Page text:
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  • Writer's pictureSteven Marsh

Being a Morphing church: a Reflection on 2 Kings 2:1-2, 6-14, Psalm 77:1-2, 11-20, Galatians 5:1, 13

62 million people globally are displaced from their country. Let me share a story about a Syrian family in the Los Ranchos Presbytery who is seeking asylum. There is no cap on the number of asylum seekers our country will accept, but there is a time limit hanging over the heads of those seeking asylum.

“Over two years ago, a young, newly married couple arrived at Presbyterian Church of the Covenant in Costa Mesa from Mehardeh, a city in the northwestern part of Syria. They had fled as their home community was under attack from Islamic extremists. Soon after they arrived in the United States, they applied for asylum under existing immigration laws and have followed the process in order to be able to remain in the United States legally and begin to apply for work and start the process of becoming citizens in this country.

Along the way, Hanan and Basem Jarjour have established relationships, a home, and have given birth to their first child. To this date, they have not been granted asylum. Because of not having been granted asylum, the Jarjours must return to a situation that remains very threatening to their lives. While here in California, they have been active at Covenant and in the community, while aspiring to be supportive of family and friends who have remained in Syria. But if they are unable to live and work here, they must move back into an on-going crisis that is very threatening to each of them, including their one-month-old daughter.”[1]

In the compelling story of Elijah in 2 Kings, the parting of the Jordan and Elijah’s ascension demonstrate God’s sovereign power in history. The Elijah narrative conveys hope. God is committed to being faithful to God’s people in all ways and at all times.[2] It is our “work” if you will, to always be willing to ask, “What is God calling me to do in this situation?”[3]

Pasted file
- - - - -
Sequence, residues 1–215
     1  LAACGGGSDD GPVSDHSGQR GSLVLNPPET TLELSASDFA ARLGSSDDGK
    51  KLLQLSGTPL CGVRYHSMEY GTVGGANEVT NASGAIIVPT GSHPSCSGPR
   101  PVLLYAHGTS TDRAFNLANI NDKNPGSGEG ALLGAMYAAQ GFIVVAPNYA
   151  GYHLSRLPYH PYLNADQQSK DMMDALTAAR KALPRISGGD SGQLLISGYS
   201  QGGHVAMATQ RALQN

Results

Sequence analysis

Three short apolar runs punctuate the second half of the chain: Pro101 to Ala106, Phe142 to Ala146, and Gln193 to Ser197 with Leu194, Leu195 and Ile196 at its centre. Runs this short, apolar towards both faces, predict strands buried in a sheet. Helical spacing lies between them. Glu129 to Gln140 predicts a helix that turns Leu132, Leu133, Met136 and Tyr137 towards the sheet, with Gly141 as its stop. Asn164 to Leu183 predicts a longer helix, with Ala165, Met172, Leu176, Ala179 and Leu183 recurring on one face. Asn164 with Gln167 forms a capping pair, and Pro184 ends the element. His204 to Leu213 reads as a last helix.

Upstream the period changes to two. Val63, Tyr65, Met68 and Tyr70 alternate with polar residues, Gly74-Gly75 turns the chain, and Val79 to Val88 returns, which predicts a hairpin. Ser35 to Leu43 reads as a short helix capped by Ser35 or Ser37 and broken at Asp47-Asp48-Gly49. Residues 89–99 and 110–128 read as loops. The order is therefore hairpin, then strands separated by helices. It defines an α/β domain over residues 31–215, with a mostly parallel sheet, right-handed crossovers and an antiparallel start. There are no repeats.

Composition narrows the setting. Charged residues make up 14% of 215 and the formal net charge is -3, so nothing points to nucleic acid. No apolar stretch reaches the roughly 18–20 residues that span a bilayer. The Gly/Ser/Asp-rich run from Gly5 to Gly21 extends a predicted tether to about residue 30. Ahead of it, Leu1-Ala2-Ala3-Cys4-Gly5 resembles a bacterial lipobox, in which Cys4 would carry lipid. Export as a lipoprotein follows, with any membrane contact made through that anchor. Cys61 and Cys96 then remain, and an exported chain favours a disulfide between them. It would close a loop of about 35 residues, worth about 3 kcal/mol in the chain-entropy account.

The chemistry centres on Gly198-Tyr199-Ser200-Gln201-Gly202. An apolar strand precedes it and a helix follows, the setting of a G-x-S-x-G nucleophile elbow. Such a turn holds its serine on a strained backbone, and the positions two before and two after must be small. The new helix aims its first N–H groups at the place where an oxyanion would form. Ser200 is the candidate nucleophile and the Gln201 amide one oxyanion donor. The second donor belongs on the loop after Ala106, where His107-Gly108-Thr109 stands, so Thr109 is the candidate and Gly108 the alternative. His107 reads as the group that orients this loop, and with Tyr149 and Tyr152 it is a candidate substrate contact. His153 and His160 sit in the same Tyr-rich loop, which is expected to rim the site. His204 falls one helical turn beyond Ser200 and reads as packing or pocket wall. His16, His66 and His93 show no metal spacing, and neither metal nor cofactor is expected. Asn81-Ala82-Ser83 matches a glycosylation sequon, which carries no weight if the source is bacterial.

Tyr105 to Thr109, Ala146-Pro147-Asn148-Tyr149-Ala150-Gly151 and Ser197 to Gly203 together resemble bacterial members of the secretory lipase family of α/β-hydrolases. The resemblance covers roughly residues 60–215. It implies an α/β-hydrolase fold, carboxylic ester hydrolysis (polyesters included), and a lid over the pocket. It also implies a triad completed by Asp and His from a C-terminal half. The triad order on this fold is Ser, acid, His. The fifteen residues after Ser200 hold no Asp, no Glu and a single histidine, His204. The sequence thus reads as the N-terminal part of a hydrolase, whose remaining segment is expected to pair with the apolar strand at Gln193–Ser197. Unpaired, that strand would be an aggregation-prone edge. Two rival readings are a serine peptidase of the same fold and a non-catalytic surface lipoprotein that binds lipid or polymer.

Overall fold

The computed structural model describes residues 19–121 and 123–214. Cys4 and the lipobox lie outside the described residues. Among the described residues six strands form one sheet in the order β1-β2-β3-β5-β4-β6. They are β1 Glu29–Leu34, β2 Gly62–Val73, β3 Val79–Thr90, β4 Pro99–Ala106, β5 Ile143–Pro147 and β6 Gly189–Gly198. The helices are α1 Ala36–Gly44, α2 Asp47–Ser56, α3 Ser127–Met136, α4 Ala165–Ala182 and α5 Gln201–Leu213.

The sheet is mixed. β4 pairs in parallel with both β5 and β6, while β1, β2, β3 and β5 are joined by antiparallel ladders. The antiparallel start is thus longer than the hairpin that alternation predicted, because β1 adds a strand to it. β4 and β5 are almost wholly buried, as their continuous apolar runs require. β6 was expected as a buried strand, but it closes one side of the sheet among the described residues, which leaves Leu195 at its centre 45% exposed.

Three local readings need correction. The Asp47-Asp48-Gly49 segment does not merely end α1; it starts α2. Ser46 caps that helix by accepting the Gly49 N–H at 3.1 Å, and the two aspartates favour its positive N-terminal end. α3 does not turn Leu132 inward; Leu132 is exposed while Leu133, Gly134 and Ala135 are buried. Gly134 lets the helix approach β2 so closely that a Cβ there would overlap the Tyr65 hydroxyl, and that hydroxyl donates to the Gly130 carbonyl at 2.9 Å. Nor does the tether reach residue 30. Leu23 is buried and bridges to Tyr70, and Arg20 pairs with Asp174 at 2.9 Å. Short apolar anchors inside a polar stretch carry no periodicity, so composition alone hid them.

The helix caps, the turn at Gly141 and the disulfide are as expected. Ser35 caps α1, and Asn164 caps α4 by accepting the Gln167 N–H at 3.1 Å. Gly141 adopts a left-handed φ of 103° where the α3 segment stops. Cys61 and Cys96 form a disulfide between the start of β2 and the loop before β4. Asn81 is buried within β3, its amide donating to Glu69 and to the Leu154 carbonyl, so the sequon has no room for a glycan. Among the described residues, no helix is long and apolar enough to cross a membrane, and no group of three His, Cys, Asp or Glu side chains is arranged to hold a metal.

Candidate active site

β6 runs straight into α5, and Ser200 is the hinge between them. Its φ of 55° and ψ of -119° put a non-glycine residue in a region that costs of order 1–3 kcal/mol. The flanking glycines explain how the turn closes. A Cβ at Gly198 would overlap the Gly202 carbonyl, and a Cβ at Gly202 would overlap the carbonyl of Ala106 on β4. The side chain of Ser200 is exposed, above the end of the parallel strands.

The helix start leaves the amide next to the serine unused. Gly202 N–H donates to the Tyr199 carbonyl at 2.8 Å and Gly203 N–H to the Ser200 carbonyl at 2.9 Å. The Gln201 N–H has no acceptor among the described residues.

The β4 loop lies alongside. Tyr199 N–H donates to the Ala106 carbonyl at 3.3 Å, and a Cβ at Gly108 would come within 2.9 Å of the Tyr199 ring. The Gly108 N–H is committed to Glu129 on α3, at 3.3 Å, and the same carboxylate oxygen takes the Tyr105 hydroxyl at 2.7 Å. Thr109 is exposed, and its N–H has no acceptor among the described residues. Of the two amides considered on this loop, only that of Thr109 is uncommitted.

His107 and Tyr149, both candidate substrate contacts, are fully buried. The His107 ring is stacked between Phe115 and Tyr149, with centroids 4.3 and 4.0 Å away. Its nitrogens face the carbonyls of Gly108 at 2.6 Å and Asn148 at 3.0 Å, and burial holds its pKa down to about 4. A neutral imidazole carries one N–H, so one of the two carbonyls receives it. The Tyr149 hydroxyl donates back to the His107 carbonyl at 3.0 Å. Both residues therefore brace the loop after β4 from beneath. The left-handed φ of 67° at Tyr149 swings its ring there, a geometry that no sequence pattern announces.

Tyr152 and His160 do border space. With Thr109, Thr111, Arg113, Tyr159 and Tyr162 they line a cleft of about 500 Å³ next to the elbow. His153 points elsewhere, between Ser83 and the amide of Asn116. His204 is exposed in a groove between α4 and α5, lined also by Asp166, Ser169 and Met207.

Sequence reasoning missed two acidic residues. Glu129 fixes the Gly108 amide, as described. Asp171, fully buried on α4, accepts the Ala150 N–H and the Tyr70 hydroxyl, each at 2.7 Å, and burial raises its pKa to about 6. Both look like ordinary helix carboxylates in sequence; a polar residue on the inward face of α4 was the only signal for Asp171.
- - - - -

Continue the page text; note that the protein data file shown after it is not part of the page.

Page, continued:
With the psalmist, we know that remembering God’s wondrous deeds in the past provides hope in a time of felt absence of God. Psalm 77:11and 13a reads, “I will call to mind the deeds of the Lord; I will remember your wonders of old…Your way, O God, is holy.” Being a morphing church, a church that is changing, requires remembering and recounting God’s wonders of old and today. Remembering and recounting God’s wondrous deeds turns fans of God into followers of Christ AND consumers into missionaries.

The text in Galatians 5:16-26 illustrates a context for change; for growth. Growth occurs in the tension between gratifying acts of the sinful nature and those of the fruit of the Spirit. The world in which Paul lived is not much different than ours in regard to the tension between gratifying the Spirit or acts of our sinful nature. Before regeneration, the human spirit is enslaved to sin. Ponder the sins of hatred, jealousy, fits of rage, selfish ambition, dissensions, and envy. On the other hand, reflect on the fruit of the Spirit: love, joy, peace, patience, kindness, and goodness. When the believer allows God to have God’s way with one’s life, fruit grows. The fruit of the Spirit have their false counterpart in acts of the sinful nature. Love is ignored with hatred. Joy is hidden in jealousy. Peace is short-lived in envy. Patience is momentary in dissensions. Kindness is fleeting in fits of rage. And goodness is absent in selfish ambition.

Jesus was single-minded in purpose. Take the story of Jesus walking the road to Jerusalem as told by Luke. Jesus demands obedience from those who say they follow him. Jesus says, “No one who puts a hand to the plow and looks back is fit for the kingdom of God.”[4]